Edwin Gibbons Moore II testified at his espionage trial today that he threw a package of secret documents through a fence surrounding a Soviet residence in Washington at the instruction of a mysterious operative named "Joe" whom Moore maintains works for the CIA.
Taking the witness stand for the second day in his own defense, Moore, who retired from the CIA in 1973, also said a $2,057.68 debt he had at the CIA credit union was mysteriously paid off last November six weeks before Moore threw the documents through the Soviet's fence. The debt payment, Moore testified, was one of the demands he made to "Joe" before agreeing to work with the man on a project "Joe" said was being run by the CIA.
Moore, 56, of 4800 Fort Summer Dr., Bethesda, has pleaded innocent by reason of insanity to the charges that he offered the documents to the Soviets last Dec. 21. He was arrested after a guard at the residence at 3875 Tunlaw Rd. NW. turned the envelope containing the documents over to an Executive Protective Service officer, thinking it might be a bomb.
CIA spokesmen have denied in court that Moore had any connection with the agency after his 1973 retirement.
Moore's contention that his CIA credit union debt was paid off was supported by a copy of his credit union statement introduced into evidence by the defense. It showed that a balance of $2,057.68 was paid in full last Nov. 12.
Under questioning by his attorney, Courtland K. Townsend, Moore said: "I did not pay that loan."
Moore testified that he met "Joe" last summer in Elm City, N.C.
Moore had gone there, he said, to "dismantle" a large home - which neighborhood legend held had once been "haunted" - that once had been occupied by one of his grandfathers. Moore said his intention was to assemble at this own home in Bethesda enough memorabilia to reconstruct a room exactly like his late grandfaters's.
It was while he was helping two Vietnamese workers clean out the "bats and mice" from his grandfather's bedroom, Moore testified, that "Joe" turned up on the veranda.
"He was about 6-feet-1 or 2 inches tall, very stockily built," Moore testified. "Joe" reminded him of someone he had known in the CIA's "Alien Section," he said.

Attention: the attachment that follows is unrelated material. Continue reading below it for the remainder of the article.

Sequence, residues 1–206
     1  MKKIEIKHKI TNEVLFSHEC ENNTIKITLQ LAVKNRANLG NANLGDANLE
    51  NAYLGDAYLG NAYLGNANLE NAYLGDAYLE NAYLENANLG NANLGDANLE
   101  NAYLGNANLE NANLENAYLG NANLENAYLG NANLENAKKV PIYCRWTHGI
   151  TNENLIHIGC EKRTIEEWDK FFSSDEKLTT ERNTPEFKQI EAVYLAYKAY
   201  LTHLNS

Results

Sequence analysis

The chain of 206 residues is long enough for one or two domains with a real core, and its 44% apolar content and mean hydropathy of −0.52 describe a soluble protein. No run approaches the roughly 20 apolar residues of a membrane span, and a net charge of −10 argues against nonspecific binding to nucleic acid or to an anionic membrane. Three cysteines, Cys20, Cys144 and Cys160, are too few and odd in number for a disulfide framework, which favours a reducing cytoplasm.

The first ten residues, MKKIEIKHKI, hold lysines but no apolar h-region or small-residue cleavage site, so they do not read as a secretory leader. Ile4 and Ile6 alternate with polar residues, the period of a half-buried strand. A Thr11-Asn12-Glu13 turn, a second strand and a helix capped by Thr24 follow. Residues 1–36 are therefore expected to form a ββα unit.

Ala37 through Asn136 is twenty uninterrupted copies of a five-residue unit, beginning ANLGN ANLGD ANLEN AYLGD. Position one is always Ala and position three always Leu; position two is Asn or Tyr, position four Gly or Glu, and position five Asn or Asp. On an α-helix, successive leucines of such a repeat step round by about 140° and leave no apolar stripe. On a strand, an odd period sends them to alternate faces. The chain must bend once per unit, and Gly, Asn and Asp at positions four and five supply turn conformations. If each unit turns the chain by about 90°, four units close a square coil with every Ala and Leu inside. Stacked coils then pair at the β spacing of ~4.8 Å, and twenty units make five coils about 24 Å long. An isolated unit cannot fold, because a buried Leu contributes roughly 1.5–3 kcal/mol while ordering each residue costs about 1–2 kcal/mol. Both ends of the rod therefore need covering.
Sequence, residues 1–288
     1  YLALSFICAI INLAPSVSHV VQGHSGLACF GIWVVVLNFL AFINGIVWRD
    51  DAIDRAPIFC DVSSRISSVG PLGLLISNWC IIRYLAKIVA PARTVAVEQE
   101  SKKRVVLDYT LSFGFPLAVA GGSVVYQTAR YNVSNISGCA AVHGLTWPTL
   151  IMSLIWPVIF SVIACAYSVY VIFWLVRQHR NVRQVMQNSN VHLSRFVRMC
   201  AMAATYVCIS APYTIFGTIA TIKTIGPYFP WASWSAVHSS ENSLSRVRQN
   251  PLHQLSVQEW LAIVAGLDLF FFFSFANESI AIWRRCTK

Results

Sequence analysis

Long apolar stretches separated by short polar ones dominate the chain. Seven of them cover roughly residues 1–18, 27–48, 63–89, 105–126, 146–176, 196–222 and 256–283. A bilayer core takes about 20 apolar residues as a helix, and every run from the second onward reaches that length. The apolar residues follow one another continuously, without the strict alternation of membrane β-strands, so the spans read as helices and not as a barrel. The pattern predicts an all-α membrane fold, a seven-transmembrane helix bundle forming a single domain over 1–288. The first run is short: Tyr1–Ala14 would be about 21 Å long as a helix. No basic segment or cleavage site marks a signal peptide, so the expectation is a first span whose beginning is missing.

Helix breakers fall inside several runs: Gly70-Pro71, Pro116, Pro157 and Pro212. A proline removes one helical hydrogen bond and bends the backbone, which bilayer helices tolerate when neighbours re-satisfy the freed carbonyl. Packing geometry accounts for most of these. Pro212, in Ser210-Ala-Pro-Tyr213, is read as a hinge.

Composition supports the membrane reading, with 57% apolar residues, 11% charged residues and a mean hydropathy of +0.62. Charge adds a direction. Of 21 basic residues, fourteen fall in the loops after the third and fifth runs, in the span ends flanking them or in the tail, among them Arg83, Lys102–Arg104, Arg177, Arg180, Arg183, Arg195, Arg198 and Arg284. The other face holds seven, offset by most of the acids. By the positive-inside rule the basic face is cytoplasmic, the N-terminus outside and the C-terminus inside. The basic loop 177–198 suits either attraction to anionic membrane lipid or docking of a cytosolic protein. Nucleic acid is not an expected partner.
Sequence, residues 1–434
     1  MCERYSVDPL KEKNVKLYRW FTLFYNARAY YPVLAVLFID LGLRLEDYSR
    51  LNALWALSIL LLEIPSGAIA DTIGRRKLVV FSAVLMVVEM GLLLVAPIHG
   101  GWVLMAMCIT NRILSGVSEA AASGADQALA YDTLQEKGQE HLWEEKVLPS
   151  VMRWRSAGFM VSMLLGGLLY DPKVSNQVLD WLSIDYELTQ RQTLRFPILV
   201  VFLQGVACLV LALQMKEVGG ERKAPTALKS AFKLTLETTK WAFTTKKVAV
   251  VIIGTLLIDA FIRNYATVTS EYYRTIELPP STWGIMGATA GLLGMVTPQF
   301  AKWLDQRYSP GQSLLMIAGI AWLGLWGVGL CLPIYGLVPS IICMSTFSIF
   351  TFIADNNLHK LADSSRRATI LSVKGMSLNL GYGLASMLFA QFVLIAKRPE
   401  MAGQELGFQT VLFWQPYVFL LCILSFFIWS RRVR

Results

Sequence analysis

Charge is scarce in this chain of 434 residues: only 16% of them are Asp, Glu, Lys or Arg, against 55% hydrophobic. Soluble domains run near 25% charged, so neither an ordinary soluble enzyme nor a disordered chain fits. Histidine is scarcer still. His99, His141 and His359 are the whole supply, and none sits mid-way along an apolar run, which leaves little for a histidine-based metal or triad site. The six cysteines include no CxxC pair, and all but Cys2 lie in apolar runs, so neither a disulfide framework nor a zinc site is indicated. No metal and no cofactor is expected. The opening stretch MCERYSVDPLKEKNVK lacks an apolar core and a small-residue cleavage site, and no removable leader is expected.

Moore said he was skeptical that "Joe" actually was connected with the CIA until "Joe" mentioned several personal items, including Moore's CIA credit union debt, as well as the cover names, "Gary C. Trendall" and "John Camipachiero," which Moore said had been assigned to him during his years as a CIA office worker, between 1952 and 1973.
Moore testified that "Joe" persuaded him to participate in a CIA "operation" that "Joe" described as designed to counteract the "bad public relations" the CIA received because of its involvement in the Bay of Pigs invasion and Watergate.
He said he agreed to work on the project in exchange for $50,000 and was given a $500 downpayment in $20 bills.
Shortly thereafter, Moore testified, CIA documents began appearing at the Elm City home. A typewriter that had been stolen in 1974 from his car parked in the basement of the Ames Building in Rosslyn also turned up in Elm City, he said.
The documents were stored throughout the Elm City house, in a van where he was living as he worked on the house and in a nearby warehouse, Moore testified.
He said that some of the documents are still in that warehouse, located near Pender and Main streets in Elm City.
Moore told the U.S. District Court jury here that he saw "Joe" only once, but talked to him another dozen times by telephone in North Carolina and Bethesda. He said he went to preselected telephone booths every other day at noon and waited 15 minutes in case "Joe" called.
At "Joe's" instruction, Moore said, he took some documents from a CIA office in the Washington area, where they had been set aside for him, and carried them home to Bethesda.
Twice, he said, he found written instructions from "Joe" in an abandoned TV set on an empty lot near his home.
When he realized the Soviet Union was involved in "Joe's" plan, he upped the price of his cooperation to $100,000 plus payment of his credit union debt and other favors, "because I could get knocked off," he said.
The day after he threw the documents through the fence at the Soviet residence, Moore said, he thought the plant had failed because, although a van bearing license plates used by the Soviets dropped off a package across from his home, as his note had demanded, the van and the package was the wrong color. At the same time, he said, his phone rang three times, the prearranged signal with "Joe" to "abort" the plan.
A neighborhood boy went near the package and Moore said he rushed over and put his foot on it because "I though it might be a bomb" and he wanted to protect the youth.
Then, he said, he picked up the package, started to walk to his home, and "all kinds of people appeared . . . and I was being arrested for espionage."